As China gets more aggressive, the US wants to sell Taiwan new weapons to fend off Beijing

Army HIMARS High Mobility Artillery Rocket System
A High Mobility Artillery Rocket System fires a rocket during a test at Yakima Training Center in Washington state, April 28, 2020.
  • The White House notified Congress this week that it plans to sell new weapons to Taiwan, including a mobile rocket-artillery system and a long-range precision missile.
  • Taiwan has a long-standing relationship as a US arms buyer, but the latest deals come amid rising tensions with China, and the weapons it includes would give Taipei more ways to blunt an attack by Beijing.
  • Visit Business Insider's homepage for more stories.

The White House has told Congress it plans to sell more advanced weapons to Taiwan, another sign of US support amid rising tensions with China, which sees Taiwan as a breakaway province.

The Trump administration notified Congress on Monday that it intends to sell the High Mobility Artillery Rocket System, or HIMARS; the Standoff Land Attack Missile-Expanded Response, or SLAM-ER; and external sensor pods for F-16 fighters. On Tuesday, the White House said it planned to sell MQ-9 drones and Harpoon anti-ship missiles.

Reuters first reported both informal notifications, which allow lawmakers to review sales before the State Department sends a formal notification. Congress typically backs such sales to Taiwan; an aide told CNN that Republicans on the House Foreign Affairs Committee were inclined to do so now.

It would be the latest in a series of moves underscoring US support for Taipei, including high-level visits and measures in Congress.

Navy P-3 Orion SLAM-ER missile
Navy aircrew downloads the SLAM-ER (Captive Air Training Missile) from a P-3 at Misawa Air Base in Japan, April 21, 2012.

Reuters and others reported in September that the US was working on a multibillion-dollar sale of advanced weaponry to make Taiwan like a "porcupine" to deter attack.

US arms sales to Taiwan have grown under Trump, and these weapons would give Taipei longer reach.

HIMARS is a mobile rocket-artillery system with a range of 190 miles. The SLAM-ER is a long-range precision missile that can be fired from an aircraft at targets over 150 miles away.

The SLAM-ER "would represent a step-up from past arms sales to Taiwan, which then had a 'defensive' emphasis," said Collin Koh, a research fellow at the S. Rajaratnam School of International Studies in Singapore, noting that the deal "might have been inevitable" given the widening military gap between China and Taiwan.

The sale would be consistent with past arms deals "in terms of their mission and type," said Ian Easton, senior director at the Project 2049 Institute, a nonprofit research group focused on promoting US security interests in the region.

But because of their extended ranges, "they are more survivable than legacy systems and better able to complicate the Chinese Communist Party's plans to invade Taiwan," Easton said.

What Taiwan needs

Taiwan air force F-16 fighter jet
Taiwan air force ground crew run to a US-made F-16V fighter for an emergency takeoff during an exercise in southern Taiwan, January 15, 2020.

China has taken a more aggressive approach in dealing with many of its neighbors, including a number of rhetorical and military moves directed at Taiwan, a self-governing democracy of 24 million which it has vowed to reabsorb.

Taiwan's defense minister said this month that Chinese aircraft have crossed their unofficial boundary in the Taiwan Strait 49 times this year, the most since 1990, straining Taiwan's military. Days later, on Taiwan's National Day, Chinese forces practiced a large-scale island assault on the coast opposite Taiwan.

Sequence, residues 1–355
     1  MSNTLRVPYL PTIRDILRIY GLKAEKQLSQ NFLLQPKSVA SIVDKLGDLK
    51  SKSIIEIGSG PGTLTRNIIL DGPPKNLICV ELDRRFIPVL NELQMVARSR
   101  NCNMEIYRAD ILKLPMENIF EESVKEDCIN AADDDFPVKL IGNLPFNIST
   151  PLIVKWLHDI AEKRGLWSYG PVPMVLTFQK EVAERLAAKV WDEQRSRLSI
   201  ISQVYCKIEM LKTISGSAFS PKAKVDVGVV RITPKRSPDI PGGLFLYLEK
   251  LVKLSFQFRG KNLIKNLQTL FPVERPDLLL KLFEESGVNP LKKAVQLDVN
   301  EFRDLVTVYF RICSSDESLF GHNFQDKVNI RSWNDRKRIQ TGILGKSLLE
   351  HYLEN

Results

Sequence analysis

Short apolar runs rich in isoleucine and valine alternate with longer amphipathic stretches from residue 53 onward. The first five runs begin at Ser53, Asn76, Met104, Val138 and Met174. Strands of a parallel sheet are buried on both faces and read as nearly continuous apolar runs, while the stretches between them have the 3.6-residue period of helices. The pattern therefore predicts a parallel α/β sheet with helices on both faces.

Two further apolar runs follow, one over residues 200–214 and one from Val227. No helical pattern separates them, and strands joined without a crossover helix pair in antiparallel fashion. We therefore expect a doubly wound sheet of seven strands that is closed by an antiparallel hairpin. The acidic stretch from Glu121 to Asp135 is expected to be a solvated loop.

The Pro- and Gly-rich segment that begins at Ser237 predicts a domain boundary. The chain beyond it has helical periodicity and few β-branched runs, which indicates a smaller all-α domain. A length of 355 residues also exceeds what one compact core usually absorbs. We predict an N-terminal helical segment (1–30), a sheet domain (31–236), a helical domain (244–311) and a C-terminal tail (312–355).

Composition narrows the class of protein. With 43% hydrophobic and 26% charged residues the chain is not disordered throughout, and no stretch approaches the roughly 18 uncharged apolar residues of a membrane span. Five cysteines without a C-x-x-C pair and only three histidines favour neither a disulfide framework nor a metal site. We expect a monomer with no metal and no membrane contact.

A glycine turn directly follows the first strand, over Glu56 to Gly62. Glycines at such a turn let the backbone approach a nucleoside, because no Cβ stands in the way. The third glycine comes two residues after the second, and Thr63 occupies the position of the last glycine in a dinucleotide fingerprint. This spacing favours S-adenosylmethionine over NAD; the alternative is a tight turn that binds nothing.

Taiwan's military, armed with US weaponry, has long been one of the region's best, but its recent decline and the Chinese military's rapid expansion — its missile and amphibious forces in particular — have eroded that advantage.

Taipei is investing in both conventional weaponry, such as fighter jets and tanks, as well as anti-access/area denial weapons, such as anti-ship missiles, to blunt a range of threats.

"Taiwan has a layered defensive posture. What makes the prospect of HIMARS and SLAM-ER an important factor is that they both have ranges of nearly 200 miles, meaning that they will be able to push out Taiwan's defensive perimeter and hold more amphibious assault bases along the [Chinese] coast at risk," Easton told Insider.

Shiyu Kinmen County Taiwan China
Shiyu, or Lion Islet, one of Taiwan's offshore islands, seen in front of the Chinese city of Xiamen, April 20, 2018.

HIMARS' range and mobility would make it hard to find and destroy, and while aircraft launching SLAM-ERs would be vulnerable in a war, the missiles' range would "complicate things for Beijing's naval plans," Easton added.

Trump has increased engagement with Taiwan, but his handling of alliances has raised doubts about US commitment to the island. China has criticized that engagement, which it sees as tilting away from longstanding diplomatic arrangements.

"The United States seriously violates the one-China principle ... by selling arms to Taiwan," Chinese Foreign Ministry spokesman Zhao Lijian said Tuesday, referring to the 40-year-old policy under which the US formally recognizes Beijing but maintains unofficial relations with Taiwan.

The rising tensions also come amid debate in the US about what security guarantees it should make to Taiwan.

R. Clarke Cooper, assistant secretary of state for Political-Military Affairs, declined to confirm any proposed arms sales to Taiwan at a think-tank event this month, saying that the US is working to "meet their defense needs."

"We share a common vision for a free and open region, so this is something where we want to make sure Taiwan's defense capabilities are met," Cooper added.

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